podium as often as Eleanor. It was her extraordinary energy that almost
invariably led the intellectual way, but they were, in fact, a
remarkably successful team. If it was she who dreamed up subject after
subject for them to speak, write or organize around, Aveling was always
ready to fall in with her suggestions, and he reveled in all that made
Eleanor worthwhile. Her intellectual passion, her political
high-mindedness, her steadfast devotion to the Cause — for all this he
loved her. Yet he told her that he couldn’t marry her because he was
already married and lied that he couldn’t get a divorce. (He later
concealed the fact of his wife’s death.)
Aveling was considered an excellent speaker and a reliable socialist,
but he was also seen — and this quite early — as a man of little moral
worth. Not only was he an open womanizer, but whenever he took financial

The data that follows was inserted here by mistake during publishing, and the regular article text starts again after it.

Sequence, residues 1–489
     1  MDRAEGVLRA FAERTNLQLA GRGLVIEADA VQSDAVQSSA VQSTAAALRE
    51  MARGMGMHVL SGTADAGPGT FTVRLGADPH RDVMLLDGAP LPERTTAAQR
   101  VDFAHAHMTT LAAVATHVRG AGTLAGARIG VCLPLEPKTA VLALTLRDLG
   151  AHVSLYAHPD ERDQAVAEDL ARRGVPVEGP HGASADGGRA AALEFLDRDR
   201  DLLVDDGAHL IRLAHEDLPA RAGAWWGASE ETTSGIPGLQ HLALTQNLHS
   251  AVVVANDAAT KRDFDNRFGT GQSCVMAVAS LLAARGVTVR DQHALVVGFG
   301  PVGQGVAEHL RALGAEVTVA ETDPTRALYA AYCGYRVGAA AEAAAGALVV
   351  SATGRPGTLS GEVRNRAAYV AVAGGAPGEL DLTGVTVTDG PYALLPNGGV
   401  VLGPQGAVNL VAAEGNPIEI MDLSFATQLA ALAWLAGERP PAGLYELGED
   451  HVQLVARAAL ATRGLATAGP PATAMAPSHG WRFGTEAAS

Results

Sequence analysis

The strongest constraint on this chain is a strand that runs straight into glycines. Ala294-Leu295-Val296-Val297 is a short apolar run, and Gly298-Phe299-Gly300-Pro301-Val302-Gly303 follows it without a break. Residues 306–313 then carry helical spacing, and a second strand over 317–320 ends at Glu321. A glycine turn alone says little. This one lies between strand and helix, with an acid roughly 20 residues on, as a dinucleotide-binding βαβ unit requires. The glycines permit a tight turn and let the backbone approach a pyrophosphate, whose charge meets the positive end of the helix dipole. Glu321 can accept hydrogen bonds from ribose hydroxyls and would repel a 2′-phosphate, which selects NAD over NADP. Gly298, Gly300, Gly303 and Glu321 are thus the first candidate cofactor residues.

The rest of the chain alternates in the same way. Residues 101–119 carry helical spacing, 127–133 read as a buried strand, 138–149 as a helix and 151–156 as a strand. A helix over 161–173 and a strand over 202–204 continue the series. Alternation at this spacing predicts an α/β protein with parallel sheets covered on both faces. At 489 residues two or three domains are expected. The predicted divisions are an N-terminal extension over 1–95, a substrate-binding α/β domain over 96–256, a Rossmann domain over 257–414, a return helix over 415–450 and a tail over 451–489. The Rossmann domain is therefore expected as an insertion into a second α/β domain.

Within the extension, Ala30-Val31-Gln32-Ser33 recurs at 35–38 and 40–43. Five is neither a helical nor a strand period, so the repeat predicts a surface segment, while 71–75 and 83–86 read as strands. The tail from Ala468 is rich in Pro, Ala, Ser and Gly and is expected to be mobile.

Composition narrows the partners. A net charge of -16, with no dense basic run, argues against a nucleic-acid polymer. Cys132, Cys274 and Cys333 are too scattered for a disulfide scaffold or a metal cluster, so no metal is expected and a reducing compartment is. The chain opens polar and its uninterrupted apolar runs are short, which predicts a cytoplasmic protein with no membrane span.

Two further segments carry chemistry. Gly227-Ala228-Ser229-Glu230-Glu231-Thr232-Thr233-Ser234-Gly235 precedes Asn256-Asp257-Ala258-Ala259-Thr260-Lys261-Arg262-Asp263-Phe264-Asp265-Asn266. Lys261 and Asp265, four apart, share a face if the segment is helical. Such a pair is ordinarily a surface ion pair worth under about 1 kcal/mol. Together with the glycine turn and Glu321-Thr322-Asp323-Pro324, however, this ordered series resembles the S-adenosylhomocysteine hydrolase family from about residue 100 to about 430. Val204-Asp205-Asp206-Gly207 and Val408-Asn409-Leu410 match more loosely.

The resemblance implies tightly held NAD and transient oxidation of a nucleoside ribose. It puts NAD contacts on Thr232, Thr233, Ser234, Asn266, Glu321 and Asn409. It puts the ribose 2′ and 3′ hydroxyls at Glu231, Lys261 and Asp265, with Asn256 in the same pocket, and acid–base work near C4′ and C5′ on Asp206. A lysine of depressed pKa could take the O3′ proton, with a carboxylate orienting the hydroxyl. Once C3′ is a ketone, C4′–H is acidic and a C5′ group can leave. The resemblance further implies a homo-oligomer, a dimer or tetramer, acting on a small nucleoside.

control of a project (as he often did) no one could balance the books.
He hungered for good clothes, expensive restaurants, cabs and theater
tickets, and was indifferent as to how those desires were satisfied.
“The best was good enough for him,” sneered one comrade, “at no matter
The person at whose expense Aveling generally made himself comfortable
was, of course, Eleanor. Besotted throughout her time with him, she was
yet often miserable. Aveling was selfish, nasty, petty, and three times
out of five not there when she needed him; a hypochondriac of some
dimension, he was forever going off to take “the cure” somewhere (really
to rendezvous with other women), leaving Eleanor alone for weeks on end.
As the years went on, the discrepancy between a crowded public life and